Center For Computer Assisted Legal Instruction (CALI)
Professor Gouvin has been involved with the Center for Computer Assisted Legal Instruction (CALI) for several years. He has served as a member of the CALI Board of Editors form 1996 to 2008. The Board of Editors reviews proposed new CALI lessons for content and usability. The reviews are anonymous and are intended to provide feedback to lesson authors in order to help them develop more effective lessons. The Board of Editors also reviews the existing library from time to time.
In 2001 he was selected to be a CALI Business Organizations Fellow as part of a team charged with developing a comprehensive set of CALI lessons in the area of Business Organizations. The CALI Lessons he has authored are listed below (you will need a CALI password to access them):
Authority: Actual, Apparent, and Inherent (2002). This lesson discusses the power that an agent (or apparent agent) has to affect the legal rights of the principal. In general, an agent or apparent agent may affect the principal's legal rights only to the extent that the agent possesses the authority or the power to do so. This lesson provides an introduction to the three basic types of authority--actual authority, apparent authority, and inherent agency power.
Mechanics of Incorporation and Defective Incorporation (2002). This lesson examines the process of incorporation by allowing students to explore some typical articles of incorporation by clicking on hot spots. The lesson provides a guided tour through the various provisions of the articles of incorporation. The lesson also looks at what happens when the incorporation process is not carried out correctly.
The Ultra Vires Doctrine (2002). This lesson provides an overview of the historical significance of the ultra vires doctrine, its subsequent decline in importance, and its modern status.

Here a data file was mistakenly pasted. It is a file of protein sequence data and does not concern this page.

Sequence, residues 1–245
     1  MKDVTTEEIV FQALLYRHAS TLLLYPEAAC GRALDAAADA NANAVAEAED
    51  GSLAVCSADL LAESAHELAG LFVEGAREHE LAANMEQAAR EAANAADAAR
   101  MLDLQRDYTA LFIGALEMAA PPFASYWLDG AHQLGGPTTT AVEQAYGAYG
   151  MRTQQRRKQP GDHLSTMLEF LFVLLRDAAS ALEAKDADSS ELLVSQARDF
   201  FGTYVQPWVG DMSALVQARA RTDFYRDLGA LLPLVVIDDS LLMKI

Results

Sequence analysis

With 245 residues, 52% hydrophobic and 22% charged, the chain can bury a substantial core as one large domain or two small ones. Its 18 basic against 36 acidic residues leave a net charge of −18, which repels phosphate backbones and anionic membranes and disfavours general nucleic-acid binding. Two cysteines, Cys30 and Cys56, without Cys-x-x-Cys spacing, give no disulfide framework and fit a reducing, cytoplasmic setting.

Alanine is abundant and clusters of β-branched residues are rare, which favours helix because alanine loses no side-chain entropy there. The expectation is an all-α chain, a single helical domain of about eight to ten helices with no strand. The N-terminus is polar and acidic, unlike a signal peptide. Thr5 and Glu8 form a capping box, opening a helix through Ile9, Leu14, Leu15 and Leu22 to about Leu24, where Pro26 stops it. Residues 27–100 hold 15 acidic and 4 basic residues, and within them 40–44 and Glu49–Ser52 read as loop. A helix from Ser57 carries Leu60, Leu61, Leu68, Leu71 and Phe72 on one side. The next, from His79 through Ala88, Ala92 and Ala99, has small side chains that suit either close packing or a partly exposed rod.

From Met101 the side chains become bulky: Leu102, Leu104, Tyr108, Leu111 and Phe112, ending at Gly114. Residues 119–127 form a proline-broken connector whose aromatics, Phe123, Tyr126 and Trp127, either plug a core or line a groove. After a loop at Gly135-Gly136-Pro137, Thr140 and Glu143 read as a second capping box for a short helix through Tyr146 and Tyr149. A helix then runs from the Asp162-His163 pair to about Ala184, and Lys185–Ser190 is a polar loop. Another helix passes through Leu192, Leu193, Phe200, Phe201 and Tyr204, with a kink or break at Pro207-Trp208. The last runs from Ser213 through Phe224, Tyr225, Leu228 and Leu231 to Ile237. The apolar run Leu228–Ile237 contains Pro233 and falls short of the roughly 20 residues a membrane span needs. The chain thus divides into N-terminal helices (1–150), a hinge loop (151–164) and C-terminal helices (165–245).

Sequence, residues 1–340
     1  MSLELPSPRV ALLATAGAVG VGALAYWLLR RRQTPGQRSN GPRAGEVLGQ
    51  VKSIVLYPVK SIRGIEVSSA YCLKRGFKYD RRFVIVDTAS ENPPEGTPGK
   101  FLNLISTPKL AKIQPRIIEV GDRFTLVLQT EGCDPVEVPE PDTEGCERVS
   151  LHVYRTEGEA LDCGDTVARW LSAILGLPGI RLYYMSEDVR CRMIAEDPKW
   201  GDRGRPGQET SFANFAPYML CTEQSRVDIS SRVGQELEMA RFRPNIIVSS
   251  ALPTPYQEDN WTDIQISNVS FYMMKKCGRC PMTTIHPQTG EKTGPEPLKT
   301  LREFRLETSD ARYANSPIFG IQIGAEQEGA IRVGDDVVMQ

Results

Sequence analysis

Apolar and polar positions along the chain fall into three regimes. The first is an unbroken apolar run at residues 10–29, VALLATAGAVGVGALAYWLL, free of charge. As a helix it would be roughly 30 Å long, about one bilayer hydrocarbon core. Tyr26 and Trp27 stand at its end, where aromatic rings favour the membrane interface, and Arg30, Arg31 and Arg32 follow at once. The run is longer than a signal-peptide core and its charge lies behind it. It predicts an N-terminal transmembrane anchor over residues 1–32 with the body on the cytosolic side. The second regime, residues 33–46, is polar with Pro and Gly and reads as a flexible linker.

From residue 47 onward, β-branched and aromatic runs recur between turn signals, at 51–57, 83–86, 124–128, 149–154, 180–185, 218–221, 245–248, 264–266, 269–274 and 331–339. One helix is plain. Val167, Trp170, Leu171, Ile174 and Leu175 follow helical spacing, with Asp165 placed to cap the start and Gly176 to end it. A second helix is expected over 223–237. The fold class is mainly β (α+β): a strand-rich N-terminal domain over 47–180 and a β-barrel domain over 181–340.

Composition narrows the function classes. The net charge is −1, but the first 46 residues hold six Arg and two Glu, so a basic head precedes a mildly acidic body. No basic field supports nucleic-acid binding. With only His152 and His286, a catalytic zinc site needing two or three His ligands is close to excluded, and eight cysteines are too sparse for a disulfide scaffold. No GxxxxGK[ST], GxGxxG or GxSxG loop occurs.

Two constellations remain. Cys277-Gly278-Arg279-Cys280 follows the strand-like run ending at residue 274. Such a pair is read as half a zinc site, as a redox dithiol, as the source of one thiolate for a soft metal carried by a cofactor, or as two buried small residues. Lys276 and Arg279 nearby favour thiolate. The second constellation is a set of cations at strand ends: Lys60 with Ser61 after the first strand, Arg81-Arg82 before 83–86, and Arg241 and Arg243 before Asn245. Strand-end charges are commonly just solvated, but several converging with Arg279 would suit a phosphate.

Liability of Agent to Third Parties: On the Contract and Warranty of Authority (2002) (co-authored with John Matheson). Ordinarily, when an agent acts on behalf of a principal the legal rights of the principal are affected, but the agent is not personally liable to third persons with whom he or she has dealt. This lesson looks at those somewhat unusual situations where the agent may be personally liable to third persons.
The Master/Servant Relationship (2004). This lesson examines the creation of the master/servant relationship in agency law and contrasts that relationship with the status of independent contractor. The lesson provides an opportunity to think about why the distinction is important and how to tell whether a given relationship rises to the level of being a master/servant relationship or is merely an independent contractor relationship.
Piercing the Corporate Veil (2004). This lesson provides both a theoretical and practical overview of the piercing the corporate veil doctrine and related theories for imposing the obligations of corporations on other legal actors such as shareholders or related corporate entities.
Authority of Partners to Bind the Partnership (2005). This lessons examines the situations where a partner can bind the partnership in contract. Partners are both principals and agents for the partnership. This relationship creates some interesting problems of agency law.
Professor Gouvin has also participated in the CALI Annual Conference for Law School Computing. In 2002 he was a panelist on the topic of “Improving Editorial Review of CALI Lessons,” discussing methods to improve the effectiveness of editorial review of computer-based law instruction lessons. In 2003 he presented a program entitled “Teaching GameBoy-ers: PowerPoint, CALI Lessons, Excel and Developing Synergies With Research,” with Prof. Nicholas Georgakopoulos. The program discussed ways for law professors to employ technology to serve pedagogical purposes instead of feeling like the technology has taken over the class.